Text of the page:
Getting vaccinated for the flu is more important than ever. This is no ordinary flu season; it’s a flu season amid a pandemic. With two dangerous viruses going around at once, it’s time for people to protect their communities by getting the vaccine already available: the flu vaccine.
People with Medicare are at greater risk for serious complications from flu. A flu shot is an important preventive tool for individuals with asthma, diabetes, and heart and lung disease — chronic conditions that can increase the risk for serious flu-related health complications or even death.
It’s the best protection from getting and spreading this flu virus, and it’s covered by Medicare at no cost.
Medicare Part B covers one flu shot per flu season per beneficiary. You pay nothing for a flu shot if your doctor or other qualified healthcare provider accepts Medicare payment for giving the shot.
A flu shot won’t protect you against COVID-19, but it has many other important benefits. Flu vaccines have been shown to reduce the risk of flu illness, hospitalization, and death.
According to the Centers for Disease Control and Prevention, there’s no evidence that a flu vaccination increases your risk of getting sick from a coronavirus.
Those at high risk for flu complications include young children, pregnant women, people 65 years and older and people with certain chronic health conditions. Anyone who is six months old or older should get a yearly flu vaccine.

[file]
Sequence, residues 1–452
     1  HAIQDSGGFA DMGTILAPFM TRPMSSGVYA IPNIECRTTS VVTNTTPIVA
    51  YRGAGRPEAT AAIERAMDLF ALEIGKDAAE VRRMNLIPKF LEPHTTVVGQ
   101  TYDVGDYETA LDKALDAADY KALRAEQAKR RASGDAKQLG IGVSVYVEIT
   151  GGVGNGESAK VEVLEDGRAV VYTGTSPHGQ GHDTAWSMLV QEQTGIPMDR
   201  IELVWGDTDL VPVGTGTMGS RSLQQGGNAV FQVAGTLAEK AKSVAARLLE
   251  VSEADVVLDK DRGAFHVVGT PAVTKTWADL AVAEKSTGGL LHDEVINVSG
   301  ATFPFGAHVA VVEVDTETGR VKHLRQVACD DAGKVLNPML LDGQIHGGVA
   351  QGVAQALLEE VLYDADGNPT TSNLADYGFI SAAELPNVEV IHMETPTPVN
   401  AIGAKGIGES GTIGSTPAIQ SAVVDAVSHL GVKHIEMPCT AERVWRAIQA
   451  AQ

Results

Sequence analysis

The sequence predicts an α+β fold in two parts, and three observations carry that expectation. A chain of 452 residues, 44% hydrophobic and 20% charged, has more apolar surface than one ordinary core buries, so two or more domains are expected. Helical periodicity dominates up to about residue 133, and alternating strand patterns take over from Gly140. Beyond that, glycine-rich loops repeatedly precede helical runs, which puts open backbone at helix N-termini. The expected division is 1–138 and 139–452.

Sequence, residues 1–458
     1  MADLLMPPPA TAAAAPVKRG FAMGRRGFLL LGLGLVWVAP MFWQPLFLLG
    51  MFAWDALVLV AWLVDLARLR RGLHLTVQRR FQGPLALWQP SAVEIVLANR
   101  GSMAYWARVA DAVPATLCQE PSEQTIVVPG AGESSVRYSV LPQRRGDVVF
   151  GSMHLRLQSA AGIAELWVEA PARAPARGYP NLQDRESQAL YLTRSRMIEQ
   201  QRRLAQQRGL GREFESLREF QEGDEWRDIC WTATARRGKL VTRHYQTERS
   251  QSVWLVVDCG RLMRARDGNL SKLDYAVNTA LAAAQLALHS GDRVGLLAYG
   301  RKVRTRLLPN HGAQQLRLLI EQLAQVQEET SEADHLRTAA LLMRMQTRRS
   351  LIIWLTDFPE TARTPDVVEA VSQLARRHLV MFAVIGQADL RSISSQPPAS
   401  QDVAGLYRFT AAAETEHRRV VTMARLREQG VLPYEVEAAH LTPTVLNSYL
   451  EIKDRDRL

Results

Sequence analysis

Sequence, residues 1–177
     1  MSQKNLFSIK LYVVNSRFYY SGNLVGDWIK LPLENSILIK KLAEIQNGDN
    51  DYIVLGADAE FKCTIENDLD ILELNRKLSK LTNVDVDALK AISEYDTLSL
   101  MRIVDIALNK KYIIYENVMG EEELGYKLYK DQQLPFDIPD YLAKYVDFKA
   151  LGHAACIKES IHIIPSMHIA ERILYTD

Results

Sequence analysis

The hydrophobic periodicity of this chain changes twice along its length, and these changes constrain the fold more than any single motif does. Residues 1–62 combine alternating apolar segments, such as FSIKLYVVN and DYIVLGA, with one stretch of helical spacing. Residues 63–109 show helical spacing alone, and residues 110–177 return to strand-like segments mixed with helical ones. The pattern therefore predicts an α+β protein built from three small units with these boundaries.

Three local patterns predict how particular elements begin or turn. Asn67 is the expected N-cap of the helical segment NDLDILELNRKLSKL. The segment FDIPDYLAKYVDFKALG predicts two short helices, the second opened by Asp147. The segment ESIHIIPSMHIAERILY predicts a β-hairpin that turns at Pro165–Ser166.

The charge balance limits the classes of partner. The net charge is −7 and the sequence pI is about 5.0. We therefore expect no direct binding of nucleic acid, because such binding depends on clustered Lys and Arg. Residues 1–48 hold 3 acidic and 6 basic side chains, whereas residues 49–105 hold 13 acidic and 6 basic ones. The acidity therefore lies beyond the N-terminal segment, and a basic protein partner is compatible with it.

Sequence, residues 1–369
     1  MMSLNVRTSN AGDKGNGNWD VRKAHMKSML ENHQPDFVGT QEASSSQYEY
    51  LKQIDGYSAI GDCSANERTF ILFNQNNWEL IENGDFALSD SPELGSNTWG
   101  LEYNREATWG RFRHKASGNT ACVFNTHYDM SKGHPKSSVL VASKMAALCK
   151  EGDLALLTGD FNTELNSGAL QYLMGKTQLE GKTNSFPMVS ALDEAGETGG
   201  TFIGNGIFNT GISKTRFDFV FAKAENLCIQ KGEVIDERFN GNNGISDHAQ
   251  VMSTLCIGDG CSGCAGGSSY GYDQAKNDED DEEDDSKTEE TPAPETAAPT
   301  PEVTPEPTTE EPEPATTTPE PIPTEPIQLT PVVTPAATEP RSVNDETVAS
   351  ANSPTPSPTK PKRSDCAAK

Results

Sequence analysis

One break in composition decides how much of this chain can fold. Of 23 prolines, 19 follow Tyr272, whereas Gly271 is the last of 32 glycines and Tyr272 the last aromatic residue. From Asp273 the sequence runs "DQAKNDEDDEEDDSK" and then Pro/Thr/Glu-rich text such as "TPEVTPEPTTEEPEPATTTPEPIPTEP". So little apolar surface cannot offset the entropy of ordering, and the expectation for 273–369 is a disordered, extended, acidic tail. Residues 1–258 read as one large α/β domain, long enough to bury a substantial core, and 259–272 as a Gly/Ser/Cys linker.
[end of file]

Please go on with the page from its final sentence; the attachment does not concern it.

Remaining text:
The flu season usually lasts from December to March. In the past two years, the peak activity has occurred around mid-to-late February. Your body needs two weeks after a shot to develop a protective response to the influenza virus, so your best bet is to get vaccinated before the flu rate begins to climb.
Workplaces and other settings that usually provide flu shots may not do so this season because of the challenges of maintaining social distancing.
For more information on where you can get a flu vaccine, visit www.vaccinefinder.org.
When going to get a flu shot, please practice everyday preventive actions and follow the CDC’s recommendations for running essential errands. Ask your doctor, pharmacist, or health department if they are following CDC’s vaccination pandemic guidance. Any vaccination location following CDC’s guidance should be a safe place for you to get a flu vaccine.
If you have a child over six months old who qualifies for Medicaid or the Children’s Health Insurance Program, you may also qualify for a flu vaccination at no cost to you.
What’s the difference between flu and COVID-19?
Influenza and COVID-19 are both contagious respiratory illnesses, but they’re caused by different viruses. COVID-19 is caused by infection with a new coronavirus (called SARS-CoV2) and flu is caused by infection with influenza viruses.
Because some symptoms of flu and COVID-19 are similar, it may be hard to tell the difference between them based on symptoms alone, and testing may be needed to help confirm a diagnosis.
It is possible to have flu and COVID-19 at the same time. Health experts are still studying how common this can be.
The CDC has developed a test that will check for A- and B-type seasonal flu viruses and SARS-CoV2. Testing for these viruses at the same time will give public health officials important information about how flu and COVID-19 are spreading and what preventive steps should be taken.
So please protect yourself, your family, and your community by getting a flu shot. Visit the doctor, pharmacy, or other local providers to get a flu shot today. (Family Features)